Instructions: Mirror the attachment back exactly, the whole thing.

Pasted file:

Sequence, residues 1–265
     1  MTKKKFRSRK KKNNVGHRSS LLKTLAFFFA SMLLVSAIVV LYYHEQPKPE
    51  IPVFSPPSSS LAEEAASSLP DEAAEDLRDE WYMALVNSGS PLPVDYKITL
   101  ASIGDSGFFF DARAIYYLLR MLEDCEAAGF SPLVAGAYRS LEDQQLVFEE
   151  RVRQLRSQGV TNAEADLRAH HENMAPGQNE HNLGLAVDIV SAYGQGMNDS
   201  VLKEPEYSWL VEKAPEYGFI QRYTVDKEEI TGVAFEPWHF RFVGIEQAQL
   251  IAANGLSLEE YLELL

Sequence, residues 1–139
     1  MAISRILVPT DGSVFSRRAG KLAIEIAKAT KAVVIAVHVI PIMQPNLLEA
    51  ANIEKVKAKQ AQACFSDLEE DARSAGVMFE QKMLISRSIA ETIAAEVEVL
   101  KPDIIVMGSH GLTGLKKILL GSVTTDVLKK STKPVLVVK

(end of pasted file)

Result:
Sequence, residues 1–265
     1  MTKKKFRSRK KKNNVGHRSS LLKTLAFFFA SMLLVSAIVV LYYHEQPKPE
    51  IPVFSPPSSS LAEEAASSLP DEAAEDLRDE WYMALVNSGS PLPVDYKITL
   101  ASIGDSGFFF DARAIYYLLR MLEDCEAAGF SPLVAGAYRS LEDQQLVFEE
   151  RVRQLRSQGV TNAEADLRAH HENMAPGQNE HNLGLAVDIV SAYGQGMNDS
   201  VLKEPEYSWL VEKAPEYGFI QRYTVDKEEI TGVAFEPWHF RFVGIEQAQL
   251  IAANGLSLEE YLELL

Sequence, residues 1–139
     1  MAISRILVPT DGSVFSRRAG KLAIEIAKAT KAVVIAVHVI PIMQPNLLEA
    51  ANIEKVKAKQ AQACFSDLEE DARSAGVMFE QKMLISRSIA ETIAAEVEVL
   101  KPDIIVMGSH GLTGLKKILL GSVTTDVLKK STKPVLVVK